In 2019, bookstores’ revenues were a shade above what they were 25 years ago, only $10.6 billion, falling from a high of $17.2 billion in 2007, according to the Census data. Amazon doesn’t report its book sales, but Statista puts the U.S. book publishing industry at ~$26 billion. You do the math.
Decline and Fall
While Amazon was gobbling up market share in the book business, it also decimated the bookselling industry. The Census Bureau is not as generous with data on the number of retail businesses as it is in reporting revenues, but in 1997 the number of bookstores stood at 6,837. By 2016 that number had dropped nearly 50 percent to 3,604. One of the major losses in those intervening years was Borders Group, which owned mall-based bookseller Waldenbooks as well as the big-box Borders stores. Borders Group went out of business in 2011.
The only remaining major competitor to Amazon in the bookstore space remains Barnes & Noble, which is hanging on by a thread. In 2005 Barnes & Noble boasted 681 stores, which dropped to 627 at the end of 2019, when it was acquired by hedge fund Elliott Advisors after years of flagging sales. The COVID-19 closures took more business away, but during the forced haitus, the company used downtime to refurbish and refresh some 350 of its current 614 stores. This may give it a second chance with customers upon reopening.
Shakespeare & Co. is not just a collection of stores – it takes the showroom concept and turns it into warehouses for all the books in the world, including out-of-print books and any title in the public domain.
With so much trouble for the major bookstore chains, prospects were even worse for independents. At the start of the last decade, many industry analysts predicted the collapse of independent booksellers, as the revenue book publishers generated from independents was only about 20 percent of that from retail chains, $642 million as compared to $3.06 billion from brick-and-mortar retail chains, according to the Association of American Publishers and the Book Industry Study Group.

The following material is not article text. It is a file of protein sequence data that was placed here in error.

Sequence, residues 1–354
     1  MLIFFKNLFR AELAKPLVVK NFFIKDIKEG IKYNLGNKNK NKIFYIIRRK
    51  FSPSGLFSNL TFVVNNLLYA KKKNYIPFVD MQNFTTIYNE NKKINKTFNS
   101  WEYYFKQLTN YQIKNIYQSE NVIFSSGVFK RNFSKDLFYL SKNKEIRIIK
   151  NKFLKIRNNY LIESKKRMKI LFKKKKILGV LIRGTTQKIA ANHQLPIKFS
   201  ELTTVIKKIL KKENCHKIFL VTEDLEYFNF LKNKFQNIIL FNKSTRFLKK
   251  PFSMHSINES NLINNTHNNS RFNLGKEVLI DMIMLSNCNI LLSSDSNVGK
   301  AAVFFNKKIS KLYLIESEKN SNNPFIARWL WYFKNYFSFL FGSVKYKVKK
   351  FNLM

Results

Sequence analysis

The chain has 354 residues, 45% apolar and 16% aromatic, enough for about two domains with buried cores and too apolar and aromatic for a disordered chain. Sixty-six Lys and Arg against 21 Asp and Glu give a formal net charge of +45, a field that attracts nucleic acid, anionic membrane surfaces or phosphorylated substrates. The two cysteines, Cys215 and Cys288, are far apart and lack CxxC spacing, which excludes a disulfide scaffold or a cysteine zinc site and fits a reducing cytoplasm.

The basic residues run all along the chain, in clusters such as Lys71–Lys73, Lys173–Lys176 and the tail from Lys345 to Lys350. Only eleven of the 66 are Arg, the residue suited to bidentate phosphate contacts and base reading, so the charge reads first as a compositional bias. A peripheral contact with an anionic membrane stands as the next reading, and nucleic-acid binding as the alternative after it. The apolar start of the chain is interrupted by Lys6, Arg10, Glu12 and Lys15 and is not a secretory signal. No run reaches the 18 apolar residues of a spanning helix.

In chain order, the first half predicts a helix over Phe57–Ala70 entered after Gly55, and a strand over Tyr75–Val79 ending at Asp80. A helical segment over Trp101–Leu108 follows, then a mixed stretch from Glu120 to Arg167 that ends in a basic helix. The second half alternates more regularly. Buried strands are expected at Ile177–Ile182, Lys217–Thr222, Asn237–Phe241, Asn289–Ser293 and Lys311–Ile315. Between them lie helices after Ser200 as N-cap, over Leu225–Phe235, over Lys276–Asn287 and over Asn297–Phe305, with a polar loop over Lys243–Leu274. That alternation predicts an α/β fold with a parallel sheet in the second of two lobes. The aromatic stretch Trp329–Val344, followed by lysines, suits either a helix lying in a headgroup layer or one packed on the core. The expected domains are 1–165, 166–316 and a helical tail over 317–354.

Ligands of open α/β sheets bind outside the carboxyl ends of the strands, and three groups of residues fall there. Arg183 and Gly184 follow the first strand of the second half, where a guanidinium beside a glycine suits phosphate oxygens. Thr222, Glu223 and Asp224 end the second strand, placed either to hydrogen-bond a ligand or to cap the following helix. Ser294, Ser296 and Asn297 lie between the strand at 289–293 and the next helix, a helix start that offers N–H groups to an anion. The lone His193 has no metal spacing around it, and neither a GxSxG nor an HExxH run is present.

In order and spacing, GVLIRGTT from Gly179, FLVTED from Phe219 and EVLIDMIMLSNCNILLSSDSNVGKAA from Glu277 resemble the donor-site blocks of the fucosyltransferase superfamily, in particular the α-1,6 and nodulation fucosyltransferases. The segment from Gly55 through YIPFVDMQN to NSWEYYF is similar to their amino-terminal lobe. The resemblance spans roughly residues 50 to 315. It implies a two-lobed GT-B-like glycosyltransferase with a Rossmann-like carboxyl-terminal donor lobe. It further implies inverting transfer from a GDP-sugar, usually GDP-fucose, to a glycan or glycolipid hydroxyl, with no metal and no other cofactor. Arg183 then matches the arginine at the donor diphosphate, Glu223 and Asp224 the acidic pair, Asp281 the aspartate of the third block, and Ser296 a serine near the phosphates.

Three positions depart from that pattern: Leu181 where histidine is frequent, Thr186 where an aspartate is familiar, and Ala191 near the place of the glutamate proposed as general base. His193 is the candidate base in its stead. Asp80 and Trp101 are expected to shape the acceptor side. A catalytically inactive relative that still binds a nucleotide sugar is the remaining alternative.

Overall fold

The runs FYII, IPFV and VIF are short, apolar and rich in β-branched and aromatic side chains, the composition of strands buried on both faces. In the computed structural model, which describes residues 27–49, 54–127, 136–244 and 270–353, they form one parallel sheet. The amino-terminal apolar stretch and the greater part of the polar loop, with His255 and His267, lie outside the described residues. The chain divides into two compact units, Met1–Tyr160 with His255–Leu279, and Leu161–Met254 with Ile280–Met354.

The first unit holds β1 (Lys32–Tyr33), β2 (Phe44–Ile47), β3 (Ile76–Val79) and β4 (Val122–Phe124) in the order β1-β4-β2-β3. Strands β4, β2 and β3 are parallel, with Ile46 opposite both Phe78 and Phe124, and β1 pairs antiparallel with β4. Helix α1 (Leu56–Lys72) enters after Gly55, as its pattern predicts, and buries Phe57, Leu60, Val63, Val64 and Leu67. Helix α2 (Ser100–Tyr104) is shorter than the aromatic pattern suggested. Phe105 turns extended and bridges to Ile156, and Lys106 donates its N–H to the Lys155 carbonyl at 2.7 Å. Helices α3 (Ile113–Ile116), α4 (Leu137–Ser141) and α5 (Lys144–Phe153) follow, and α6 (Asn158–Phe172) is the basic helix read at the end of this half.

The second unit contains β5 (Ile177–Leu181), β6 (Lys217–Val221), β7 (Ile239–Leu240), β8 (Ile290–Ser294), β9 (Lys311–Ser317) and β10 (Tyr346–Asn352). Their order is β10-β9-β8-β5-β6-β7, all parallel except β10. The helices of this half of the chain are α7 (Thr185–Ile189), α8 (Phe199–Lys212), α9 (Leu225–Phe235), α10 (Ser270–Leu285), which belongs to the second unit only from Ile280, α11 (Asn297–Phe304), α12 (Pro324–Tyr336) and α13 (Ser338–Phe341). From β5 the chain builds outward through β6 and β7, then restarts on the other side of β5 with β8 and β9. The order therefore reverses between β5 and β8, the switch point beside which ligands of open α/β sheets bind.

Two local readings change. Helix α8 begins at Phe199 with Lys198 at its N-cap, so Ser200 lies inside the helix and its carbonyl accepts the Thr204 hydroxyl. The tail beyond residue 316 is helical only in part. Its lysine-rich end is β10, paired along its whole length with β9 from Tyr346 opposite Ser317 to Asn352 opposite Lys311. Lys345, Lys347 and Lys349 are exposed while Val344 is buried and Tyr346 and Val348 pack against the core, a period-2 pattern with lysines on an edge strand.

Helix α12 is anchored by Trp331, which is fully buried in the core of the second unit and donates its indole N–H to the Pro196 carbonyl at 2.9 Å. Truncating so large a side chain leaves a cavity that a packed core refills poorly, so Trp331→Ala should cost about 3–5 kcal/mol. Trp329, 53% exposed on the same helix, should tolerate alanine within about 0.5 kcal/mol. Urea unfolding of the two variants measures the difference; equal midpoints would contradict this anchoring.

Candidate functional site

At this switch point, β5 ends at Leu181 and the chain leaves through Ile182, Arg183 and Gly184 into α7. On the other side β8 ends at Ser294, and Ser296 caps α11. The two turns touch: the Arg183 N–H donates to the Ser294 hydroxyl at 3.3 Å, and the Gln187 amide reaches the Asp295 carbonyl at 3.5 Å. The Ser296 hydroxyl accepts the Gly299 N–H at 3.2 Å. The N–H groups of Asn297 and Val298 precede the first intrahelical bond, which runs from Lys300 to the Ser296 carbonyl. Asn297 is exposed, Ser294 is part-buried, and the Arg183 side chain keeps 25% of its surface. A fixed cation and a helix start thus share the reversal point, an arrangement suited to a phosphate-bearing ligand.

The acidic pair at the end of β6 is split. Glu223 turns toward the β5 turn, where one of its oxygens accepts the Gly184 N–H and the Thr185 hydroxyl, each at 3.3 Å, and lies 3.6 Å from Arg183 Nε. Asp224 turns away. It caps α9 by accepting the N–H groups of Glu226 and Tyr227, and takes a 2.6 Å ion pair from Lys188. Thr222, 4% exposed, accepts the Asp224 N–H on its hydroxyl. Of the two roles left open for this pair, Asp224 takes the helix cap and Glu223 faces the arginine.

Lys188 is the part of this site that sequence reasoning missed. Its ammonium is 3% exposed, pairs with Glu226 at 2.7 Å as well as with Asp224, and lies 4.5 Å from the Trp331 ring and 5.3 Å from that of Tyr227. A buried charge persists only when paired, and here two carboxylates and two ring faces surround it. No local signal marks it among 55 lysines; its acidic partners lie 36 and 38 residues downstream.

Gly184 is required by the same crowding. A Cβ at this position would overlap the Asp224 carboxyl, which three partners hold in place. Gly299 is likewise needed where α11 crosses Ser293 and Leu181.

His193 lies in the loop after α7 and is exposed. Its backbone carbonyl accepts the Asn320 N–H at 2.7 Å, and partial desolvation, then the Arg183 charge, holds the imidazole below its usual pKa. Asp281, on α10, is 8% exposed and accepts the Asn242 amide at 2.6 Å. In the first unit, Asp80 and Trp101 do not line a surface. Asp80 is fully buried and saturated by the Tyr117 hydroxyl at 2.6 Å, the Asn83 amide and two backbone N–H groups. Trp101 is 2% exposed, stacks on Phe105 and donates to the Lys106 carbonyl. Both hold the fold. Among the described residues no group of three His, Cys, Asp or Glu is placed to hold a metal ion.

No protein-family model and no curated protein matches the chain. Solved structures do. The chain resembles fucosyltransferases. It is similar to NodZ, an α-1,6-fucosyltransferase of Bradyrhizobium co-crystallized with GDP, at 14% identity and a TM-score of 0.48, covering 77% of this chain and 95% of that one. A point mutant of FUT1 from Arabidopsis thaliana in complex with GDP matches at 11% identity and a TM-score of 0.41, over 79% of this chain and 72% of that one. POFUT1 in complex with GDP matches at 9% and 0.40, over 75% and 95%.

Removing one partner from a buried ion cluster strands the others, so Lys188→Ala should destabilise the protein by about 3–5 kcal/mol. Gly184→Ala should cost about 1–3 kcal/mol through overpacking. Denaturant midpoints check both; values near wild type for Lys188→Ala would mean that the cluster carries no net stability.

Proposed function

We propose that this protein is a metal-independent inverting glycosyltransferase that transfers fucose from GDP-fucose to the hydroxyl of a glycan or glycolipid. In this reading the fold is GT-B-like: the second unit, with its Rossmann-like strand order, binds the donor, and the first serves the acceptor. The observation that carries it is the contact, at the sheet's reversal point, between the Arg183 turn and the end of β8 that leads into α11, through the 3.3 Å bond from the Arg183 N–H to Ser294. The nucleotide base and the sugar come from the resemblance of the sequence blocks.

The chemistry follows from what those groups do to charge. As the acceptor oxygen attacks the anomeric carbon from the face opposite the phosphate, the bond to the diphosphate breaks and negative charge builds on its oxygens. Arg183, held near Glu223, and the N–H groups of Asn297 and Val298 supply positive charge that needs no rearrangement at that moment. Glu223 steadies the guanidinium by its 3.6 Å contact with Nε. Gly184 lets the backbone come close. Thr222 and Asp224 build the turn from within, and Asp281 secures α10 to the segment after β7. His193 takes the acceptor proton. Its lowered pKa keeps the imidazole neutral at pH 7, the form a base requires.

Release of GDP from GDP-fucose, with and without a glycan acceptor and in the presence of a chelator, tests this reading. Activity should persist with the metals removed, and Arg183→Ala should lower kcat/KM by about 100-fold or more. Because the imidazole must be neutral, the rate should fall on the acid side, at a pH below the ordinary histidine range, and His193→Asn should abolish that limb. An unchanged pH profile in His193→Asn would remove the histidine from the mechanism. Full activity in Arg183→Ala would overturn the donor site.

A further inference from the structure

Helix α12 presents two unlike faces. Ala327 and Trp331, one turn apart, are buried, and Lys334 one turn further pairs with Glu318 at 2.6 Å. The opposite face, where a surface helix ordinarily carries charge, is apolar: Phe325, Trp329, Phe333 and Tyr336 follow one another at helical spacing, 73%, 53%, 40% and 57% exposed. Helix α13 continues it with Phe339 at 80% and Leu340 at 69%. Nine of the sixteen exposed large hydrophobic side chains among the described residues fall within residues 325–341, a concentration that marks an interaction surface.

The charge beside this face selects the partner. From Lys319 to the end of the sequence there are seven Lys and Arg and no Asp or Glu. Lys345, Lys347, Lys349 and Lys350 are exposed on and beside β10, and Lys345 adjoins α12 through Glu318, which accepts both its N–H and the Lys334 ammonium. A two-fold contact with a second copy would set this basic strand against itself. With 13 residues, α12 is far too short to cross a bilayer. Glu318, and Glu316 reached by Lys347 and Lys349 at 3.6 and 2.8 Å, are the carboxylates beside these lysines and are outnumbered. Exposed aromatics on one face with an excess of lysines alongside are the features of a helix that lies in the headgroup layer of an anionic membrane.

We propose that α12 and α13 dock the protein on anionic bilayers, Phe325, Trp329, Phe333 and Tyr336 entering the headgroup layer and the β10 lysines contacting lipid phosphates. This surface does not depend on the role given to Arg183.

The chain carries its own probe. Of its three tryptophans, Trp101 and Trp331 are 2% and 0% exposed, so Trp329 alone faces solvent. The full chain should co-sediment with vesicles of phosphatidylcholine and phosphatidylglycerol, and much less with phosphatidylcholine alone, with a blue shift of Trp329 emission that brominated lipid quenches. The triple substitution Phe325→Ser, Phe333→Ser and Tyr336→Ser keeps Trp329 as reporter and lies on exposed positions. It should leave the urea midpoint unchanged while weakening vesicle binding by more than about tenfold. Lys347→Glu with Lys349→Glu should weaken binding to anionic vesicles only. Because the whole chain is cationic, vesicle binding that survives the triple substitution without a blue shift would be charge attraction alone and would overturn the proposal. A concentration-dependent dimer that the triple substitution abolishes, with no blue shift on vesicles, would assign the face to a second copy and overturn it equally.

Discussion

Then something completely unexpected happened. From the ashes, independent bookstores started to rise again. The American Booksellers Association reported that its membership grew 49 percent to over 2,500 in 2019 from a historic low of 1,651 in 2009. The reasons why this renaissance occurred are documented in a working paper by Harvard Business School professor Ryan Raffaelli entitled “Reinventing Retail: The Novel Resurgence of Independent Bookstores.”
Raffaelli credits indie’s resurgence to the 3C’s. “Through practices like community, curation, and convening, bookstores authentically connect consumers with the values (e.g. localism) they may espouse,” Raffaelli wrote.
- Community: Local independents build strong personal connections to the values in their local community by engaging with customers who want to support neighborhood businesses.
- Curation: Local booksellers offer carefully selected titles catering to local tastes, along with providing passionate booksellers who help readers discover gems in their stacks through the gentle art of handselling.
- Convening: By becoming a local intellectual hub for customers to meet and interact with people who share common interests.
As You Like It
New York City-based Shakespeare & Co. (no relation to the legendary Shakespeare and Company bookstore in Paris) is just such a thriving independent bookseller. It operates three locations: one on Lexington Avenue near Hunter College, another on Broadway on the Upper West Side and a third on Walnut Street in Rittenhouse Square Philadelphia.
Robert Zaffiris, Shakespeare & Co.’s chief development officer, says each location works that trifecta of the 3C’s for success in independent bookselling. Each store is grounded in its community, offers a locally curated selection between 10,000-15,000 titles, and hosts events and gatherings as well as offering refreshments in each store’s café.
The Covid-19 closures disrupted Shakespeare & Co, as it did every other retailer deemed nonessential. Zaffiris says all stores are open now, though its in-store café seating is still off limits. He happily reports that Shakespeare & Co “will weather the storm better than most,” because it was able to seamless adapt to meet customer demands through online sales, at home delivery, in-store pickup, virtual events, and social media. But it’s ace in the hole during the closures and into the future is its exclusive Espresso Book Machine.